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  1. Zandorf
    http://www.cnn.com/2005/US/09/30/valium.inventor.ap/index.ht ml





    <b style="font-size: 14px;">TRENTON, New Jersey (AP) -- Leo
    Sternbach, the inventor of a revolutionary new class of tranquilizers
    that included Valium, one of the first blockbuster "lifestyle" drugs,
    has died at his home in North Carolina. He was 97.[/b]


    Sternbach,
    an award-winning chemist who helped the Swiss drug conglomerate Roche
    Group build its U.S. headquarters in Nutley, New Jersey, after fleeing
    the Nazis during World War II, died in Chapel Hill, North Carolina,
    after a short illness late Wednesday.


    His wife, sons and other relatives were at his side, according to the company.


    An
    Austrian native who said he loved chemistry from his youth, Sternbach
    led development of more than a dozen important drugs during a
    six-decade career with Roche.


    His other breakthroughs include
    the sleeping pills Dalmane and Mogadon, Klonopin for epileptic seizures
    and Arfonad for limiting bleeding during brain surgery.


    Valium
    was the country's most prescribed drug from 1969 to 1982. Nicknamed
    "Mother's Little Helper" after the Rolling Stones song, it was three
    times more potent than its predecessor, Librium, another member of the
    class of tranquilizers invented by Sternbach.


    Roche sold nearly 2.3 billion Valium pills stamped with the trademark "V" at the drug's 1978 peak.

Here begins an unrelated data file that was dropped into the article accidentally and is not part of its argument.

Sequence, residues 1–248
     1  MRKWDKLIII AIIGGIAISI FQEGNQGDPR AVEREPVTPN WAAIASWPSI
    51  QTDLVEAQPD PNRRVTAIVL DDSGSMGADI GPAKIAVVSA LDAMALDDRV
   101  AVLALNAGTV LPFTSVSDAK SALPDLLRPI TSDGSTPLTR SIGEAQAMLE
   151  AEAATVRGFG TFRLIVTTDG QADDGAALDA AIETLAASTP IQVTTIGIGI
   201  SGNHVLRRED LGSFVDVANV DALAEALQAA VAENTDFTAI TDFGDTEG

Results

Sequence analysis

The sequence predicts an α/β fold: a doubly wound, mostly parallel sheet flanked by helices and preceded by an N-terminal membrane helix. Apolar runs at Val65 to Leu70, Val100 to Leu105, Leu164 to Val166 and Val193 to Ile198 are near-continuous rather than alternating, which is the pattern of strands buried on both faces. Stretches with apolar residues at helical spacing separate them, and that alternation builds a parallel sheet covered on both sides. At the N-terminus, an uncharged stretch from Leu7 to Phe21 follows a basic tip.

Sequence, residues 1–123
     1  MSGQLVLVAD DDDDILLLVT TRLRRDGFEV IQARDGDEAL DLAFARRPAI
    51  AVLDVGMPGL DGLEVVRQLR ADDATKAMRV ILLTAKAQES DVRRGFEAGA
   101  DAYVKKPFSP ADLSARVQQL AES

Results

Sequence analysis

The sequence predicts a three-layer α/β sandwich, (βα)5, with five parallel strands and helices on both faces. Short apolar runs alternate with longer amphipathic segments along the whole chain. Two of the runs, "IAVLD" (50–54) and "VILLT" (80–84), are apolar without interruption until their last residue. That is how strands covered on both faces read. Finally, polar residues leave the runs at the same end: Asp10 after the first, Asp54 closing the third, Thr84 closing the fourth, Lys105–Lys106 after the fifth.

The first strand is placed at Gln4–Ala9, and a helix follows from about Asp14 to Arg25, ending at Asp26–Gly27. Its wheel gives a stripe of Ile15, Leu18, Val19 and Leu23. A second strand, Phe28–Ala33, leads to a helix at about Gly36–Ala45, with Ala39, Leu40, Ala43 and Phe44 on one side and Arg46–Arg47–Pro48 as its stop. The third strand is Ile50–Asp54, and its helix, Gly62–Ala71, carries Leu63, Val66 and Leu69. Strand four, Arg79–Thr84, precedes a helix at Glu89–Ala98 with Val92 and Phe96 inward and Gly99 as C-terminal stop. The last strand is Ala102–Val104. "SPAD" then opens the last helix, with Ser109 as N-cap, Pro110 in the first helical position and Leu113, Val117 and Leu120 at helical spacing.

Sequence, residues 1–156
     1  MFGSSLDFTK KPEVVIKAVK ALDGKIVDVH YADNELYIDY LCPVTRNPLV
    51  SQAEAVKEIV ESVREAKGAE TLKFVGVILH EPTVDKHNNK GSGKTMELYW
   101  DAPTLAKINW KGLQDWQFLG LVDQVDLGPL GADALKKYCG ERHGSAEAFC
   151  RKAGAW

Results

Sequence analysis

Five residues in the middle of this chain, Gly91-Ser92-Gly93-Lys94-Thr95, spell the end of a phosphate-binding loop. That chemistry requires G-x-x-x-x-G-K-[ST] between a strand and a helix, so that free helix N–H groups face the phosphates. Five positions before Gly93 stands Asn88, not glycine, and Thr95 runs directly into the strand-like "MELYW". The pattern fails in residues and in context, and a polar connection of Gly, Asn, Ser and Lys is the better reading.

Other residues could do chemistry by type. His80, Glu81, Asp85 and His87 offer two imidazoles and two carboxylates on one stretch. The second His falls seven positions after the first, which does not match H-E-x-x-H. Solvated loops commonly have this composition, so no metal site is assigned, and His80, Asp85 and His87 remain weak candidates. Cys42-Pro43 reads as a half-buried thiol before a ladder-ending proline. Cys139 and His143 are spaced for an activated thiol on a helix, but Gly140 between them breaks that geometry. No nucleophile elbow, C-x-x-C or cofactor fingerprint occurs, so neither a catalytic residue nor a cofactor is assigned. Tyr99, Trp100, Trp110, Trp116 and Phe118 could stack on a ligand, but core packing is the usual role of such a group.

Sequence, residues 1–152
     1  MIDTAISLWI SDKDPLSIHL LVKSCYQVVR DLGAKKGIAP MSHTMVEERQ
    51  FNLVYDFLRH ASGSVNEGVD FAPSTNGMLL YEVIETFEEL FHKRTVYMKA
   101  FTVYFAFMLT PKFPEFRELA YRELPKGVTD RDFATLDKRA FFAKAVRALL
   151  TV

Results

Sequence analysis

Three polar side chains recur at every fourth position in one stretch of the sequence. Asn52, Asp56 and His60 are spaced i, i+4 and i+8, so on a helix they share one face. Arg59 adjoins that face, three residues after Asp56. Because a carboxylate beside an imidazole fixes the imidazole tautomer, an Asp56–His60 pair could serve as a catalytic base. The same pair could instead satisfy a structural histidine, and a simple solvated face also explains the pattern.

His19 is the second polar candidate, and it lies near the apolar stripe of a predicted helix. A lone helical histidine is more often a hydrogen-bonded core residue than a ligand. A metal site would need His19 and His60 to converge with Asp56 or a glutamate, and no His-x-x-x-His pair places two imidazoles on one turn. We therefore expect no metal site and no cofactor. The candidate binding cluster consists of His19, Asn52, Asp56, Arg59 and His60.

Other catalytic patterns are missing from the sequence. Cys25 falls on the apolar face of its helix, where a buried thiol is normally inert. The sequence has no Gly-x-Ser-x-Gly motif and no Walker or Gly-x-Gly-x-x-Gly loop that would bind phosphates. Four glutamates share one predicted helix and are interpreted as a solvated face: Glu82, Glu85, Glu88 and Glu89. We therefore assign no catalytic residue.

"It
    gave you a feeling of well-being," Sternbach told The Associated Press
    in a 2003 interview on the 40th anniversary of Valium. "Only when the
    sales figures came in, then I realized how important it was."


    Sternbach
    was born in 1908 in Abbazia, part of the Austrian Empire that today is
    Croatia, and earned a doctoral degree in organic chemistry at the
    University of Krakow in Poland. He began working at Roche's Basel
    headquarters in 1940 and in June 1941 fled to the United States with
    his new bride and the rest of Roche's Jewish scientists.


    He and
    his wife, Herta, settled in Montclair, near Roche's U.S. operations,
    called Hoffman-La Roche, raised two sons and lived there until 2003,
    when they moved to North Carolina, where son Daniel works as a chemist
    for GlaxoSmithKline.


    Named one of the 25 most influential
    Americans of the 20th century by U.S. News & World Report,
    Sternbach's credits include 241 patents, 122 publications, honorary
    degrees and other awards.


    As recently as 1994, Roche products for
    which Sternbach held patents brought in more than one-quarter of the
    company's worldwide pharmaceutical revenues.


    Besides his wife and son Daniel, Sternbach is survived by his other son, Michael, and five grandchildren.

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